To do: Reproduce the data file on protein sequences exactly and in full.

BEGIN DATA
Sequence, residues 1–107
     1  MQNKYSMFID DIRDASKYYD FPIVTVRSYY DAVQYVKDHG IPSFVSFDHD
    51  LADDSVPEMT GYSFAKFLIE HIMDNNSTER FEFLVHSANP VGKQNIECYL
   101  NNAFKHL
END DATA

Sequence, residues 1–107
     1  MQNKYSMFID DIRDASKYYD FPIVTVRSYY DAVQYVKDHG IPSFVSFDHD
    51  LADDSVPEMT GYSFAKFLIE HIMDNNSTER FEFLVHSANP VGKQNIECYL
   101  NNAFKHL